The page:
Inductions, toolbox talks, instructions and safety briefings can be used to communicate your traffic rules. You can also use road and speed limit signs, plus traffic light systems and speed checks around the site to remind and provide obvious instructions.

Display a site plan, mark up your routes, display signs and include traffic management in the induction for everyone.

8. Get ready for change

On construction sites, due to the nature of the work, the site layout is likely to change throughout the project as buildings and structures are constructed. Failing to keep your traffic management plan updated, or failing to have one in place at all, could lead to dangerous situations involving vehicles and plant on site.

Keep your traffic management arrangements updates as the site layout changes throughout the project.

arrow on road

9. Keep routes clear

It’s a familiar story, something about waiting for a bus and they all come at once? Well, the same can happen with deliveries, especially during site set up. Plan ahead and schedule deliveries and other vehicle movements so they can be managed safely. The fewer vehicles on site at once, the less crowded (and safer) the site will be.

One of the key areas assessed by HSE inspectors during construction health and safety inspections is that sites are well organised and walkways and access routes are free of obstructions.

Keep your access routes clear to prevent drivers from looking an alternative way around.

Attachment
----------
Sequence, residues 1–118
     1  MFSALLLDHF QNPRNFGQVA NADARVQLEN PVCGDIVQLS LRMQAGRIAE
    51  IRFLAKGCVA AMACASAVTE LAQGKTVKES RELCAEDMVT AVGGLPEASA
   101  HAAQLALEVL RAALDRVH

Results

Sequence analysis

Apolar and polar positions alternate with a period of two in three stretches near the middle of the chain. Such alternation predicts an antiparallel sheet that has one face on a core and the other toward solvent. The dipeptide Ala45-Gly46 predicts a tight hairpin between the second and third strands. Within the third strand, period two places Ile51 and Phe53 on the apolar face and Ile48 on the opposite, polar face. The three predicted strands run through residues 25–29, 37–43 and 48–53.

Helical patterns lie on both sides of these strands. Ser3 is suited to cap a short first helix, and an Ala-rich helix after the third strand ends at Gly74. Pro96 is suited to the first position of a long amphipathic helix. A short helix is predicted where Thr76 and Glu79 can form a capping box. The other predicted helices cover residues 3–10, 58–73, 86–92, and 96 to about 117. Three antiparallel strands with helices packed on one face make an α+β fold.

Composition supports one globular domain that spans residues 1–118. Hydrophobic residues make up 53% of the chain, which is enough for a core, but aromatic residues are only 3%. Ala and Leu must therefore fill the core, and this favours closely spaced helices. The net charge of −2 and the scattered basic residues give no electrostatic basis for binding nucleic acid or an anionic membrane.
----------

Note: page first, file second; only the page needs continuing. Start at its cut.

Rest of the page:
10. Maintain and inspect

All vehicles and plant on site need to be safe. Built-in controls such as guards, brakes, and alarms need to work to be effective. There are legal requirements to make sure equipment is maintained and in good working order, and it's important for the safe movement and operation of vehicles on site.

Ensure your plant and vehicles are inspected and maintained so that they are safe to be on site.


Traffic management is an ongoing requirement, don’t let standards slip once other project demands take hold. Put in place near miss reporting, get feedback from banksmen and enforce the rules as required. Regularly monitor and review your plan to ensure it is effective.

Need help producing your construction traffic management plan? Our team of health and safety professionals have managed traffic on a large number of construction projects and have created this construction traffic management plan template for your sites.

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This article was written by Emma at HASpod. Emma has over 10 years experience in health and safety and BSc (Hons) Construction Management. She is NEBOSH qualified and Tech IOSH.